... As such, the aim of the current review is to examine how neurobiological models incorporating A C C E P T E D M A N U S C R I P T PWM in typical speech and language processing (Hickok & Poeppel, 2007;Jacquemot & Scott, 2006) and executive function (D'Esposito, 2007;Hazy, Frank, & O'Reilly, 2007) may shed light on underlying mechanisms mediating recent cognitive-behavioral studies implicating lower PWM capacity in CWS (Anderson & Wagovich, 2010;Anderson et al., 2006;Spencer & Weber-Fox, 2014) and AWS (Byrd et al., 2015;Byrd, et al., 2012;Smith et al., 2010). We argue that interpreting cognitive-behavioral findings in the context of neurobiological models may strengthen the relationship between underlying mechanisms affecting fluent speech production those underlying differences in PWM in both CWS (Spencer & Weber-Fox, 2014) and AWS (Byrd et al., 2015;Byrd, et al., 2012). In particular, we argue that interpreting cognitive-behavioral findings in the context of neurobiological models may strengthen the relationship between underlying mechanisms affecting fluent speech production and those underlying differences in PWM. ...
Article
Full-text available
The current review examines how neurobiological models of language and cognition could shed light on the role of phonological working memory (PWM) in developmental stuttering (DS). Toward that aim, we review Baddeley's influential multicomponent model of PWM and evidence for load-dependent differences between children and adults who stutter and typically fluent speakers in nonword repetition and dual-task paradigms. We suggest that, while nonword repetition and dual-task findings implicate processes related to PWM, it is unclear from behavioral studies alone what mechanisms are involved. To address how PWM could be related to speech output in DS, a third section reviews neurobiological models of language proposing that PWM is an emergent property of cyclic sensory and motor buffers in the dorsal stream critical for speech production. We propose that anomalous sensorimotor timing could potentially interrupt both fluent speech in DS and the emergent properties of PWM. To further address the role of attention and executive function in PWM and DS, we also review neurobiological models proposing that prefrontal cortex (PFC) and basal ganglia (BG) function to facilitate working memory under distracting conditions and neuroimaging evidence implicating the PFC and BG in stuttering. Finally, we argue that cognitive-behavioral differences in nonword repetition and dual-tasks are consistent with the involvement of neurocognitive networks related to executive function and sensorimotor integration in PWM. We suggest progress in understanding the relationship between stuttering and PWM may be accomplished using high-temporal resolution electromagnetic experimental approaches.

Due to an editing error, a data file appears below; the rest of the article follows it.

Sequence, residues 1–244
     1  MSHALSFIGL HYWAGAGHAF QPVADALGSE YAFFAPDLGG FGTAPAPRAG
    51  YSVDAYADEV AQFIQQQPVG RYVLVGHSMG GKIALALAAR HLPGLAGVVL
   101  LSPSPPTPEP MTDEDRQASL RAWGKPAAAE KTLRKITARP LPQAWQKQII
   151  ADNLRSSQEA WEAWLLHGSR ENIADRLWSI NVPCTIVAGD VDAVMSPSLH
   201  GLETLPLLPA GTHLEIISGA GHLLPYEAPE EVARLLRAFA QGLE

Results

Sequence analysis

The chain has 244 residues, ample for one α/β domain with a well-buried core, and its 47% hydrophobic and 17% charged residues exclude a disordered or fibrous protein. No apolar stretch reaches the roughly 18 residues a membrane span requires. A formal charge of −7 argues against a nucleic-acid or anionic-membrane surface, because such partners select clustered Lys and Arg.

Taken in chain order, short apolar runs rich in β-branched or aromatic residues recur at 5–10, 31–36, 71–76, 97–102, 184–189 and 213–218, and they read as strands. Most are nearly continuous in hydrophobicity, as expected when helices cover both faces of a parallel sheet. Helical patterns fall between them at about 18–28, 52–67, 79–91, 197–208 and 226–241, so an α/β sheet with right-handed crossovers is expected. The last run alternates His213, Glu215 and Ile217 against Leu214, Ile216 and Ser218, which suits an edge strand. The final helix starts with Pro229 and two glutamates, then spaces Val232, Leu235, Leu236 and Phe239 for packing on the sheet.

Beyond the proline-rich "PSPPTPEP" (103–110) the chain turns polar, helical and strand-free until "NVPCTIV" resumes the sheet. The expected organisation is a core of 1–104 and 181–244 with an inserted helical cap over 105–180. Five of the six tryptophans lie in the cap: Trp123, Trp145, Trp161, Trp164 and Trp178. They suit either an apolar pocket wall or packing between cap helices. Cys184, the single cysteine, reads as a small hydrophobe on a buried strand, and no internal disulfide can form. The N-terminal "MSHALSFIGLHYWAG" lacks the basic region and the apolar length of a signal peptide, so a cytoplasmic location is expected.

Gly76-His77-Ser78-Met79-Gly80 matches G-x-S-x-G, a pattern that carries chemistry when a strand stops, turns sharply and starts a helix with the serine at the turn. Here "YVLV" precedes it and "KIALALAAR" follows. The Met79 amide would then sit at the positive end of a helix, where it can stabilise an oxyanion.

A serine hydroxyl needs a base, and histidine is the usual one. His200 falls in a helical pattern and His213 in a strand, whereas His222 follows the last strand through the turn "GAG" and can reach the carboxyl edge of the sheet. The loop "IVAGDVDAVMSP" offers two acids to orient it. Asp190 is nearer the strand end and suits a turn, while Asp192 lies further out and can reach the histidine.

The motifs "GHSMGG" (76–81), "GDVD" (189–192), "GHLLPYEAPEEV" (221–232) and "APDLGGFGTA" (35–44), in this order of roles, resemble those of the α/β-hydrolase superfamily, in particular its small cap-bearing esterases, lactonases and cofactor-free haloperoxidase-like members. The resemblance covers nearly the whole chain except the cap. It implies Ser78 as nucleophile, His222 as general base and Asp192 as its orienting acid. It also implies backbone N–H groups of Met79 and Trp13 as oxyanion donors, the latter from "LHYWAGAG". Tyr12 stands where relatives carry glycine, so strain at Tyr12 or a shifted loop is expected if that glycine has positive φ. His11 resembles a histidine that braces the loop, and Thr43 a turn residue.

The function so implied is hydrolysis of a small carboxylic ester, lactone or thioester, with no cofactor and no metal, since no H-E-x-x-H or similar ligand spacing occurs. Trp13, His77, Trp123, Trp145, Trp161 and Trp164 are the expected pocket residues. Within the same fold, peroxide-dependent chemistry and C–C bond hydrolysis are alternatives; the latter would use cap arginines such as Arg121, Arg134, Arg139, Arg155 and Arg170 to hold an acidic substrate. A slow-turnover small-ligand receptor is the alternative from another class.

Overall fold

... [2] Empirical evidence shows that adults with stuttering (AWS) exhibit longer reading rate and poor nonword recognition. [3][4][5][6][7][8][9][10][11][12] The poorer performance in them might be due to deficits in phonological working memory abilities as phonological coding along with visual information storage, and sentence comprehension is crucial for reading tasks. It has been shown that reading rate (time taken to read) can strongly predict memory span. ...
... Performance on reading rate and nonword recognition tasks in AWS indicates deficits in phonological working memory. [9][10][11][12] However, performance on these tasks tends to be affected by the underlying language disturbances also. All these tasks examined previously need good language processing skills which AWS are found lacking. ...
... Studies assessing phonological memory by increasing the load in terms of length of nonwords show deficits in AWS during nonword repetition and elision tasks as the length of nonwords increased. [10][11][12] However, these studies have language influences on working memory. A review article by Bajaj [29] has discussed how working memory deficits might be reflecting as phonological deficits and its importance in the sensory-motor processing in AWS. ...
Article
Full-text available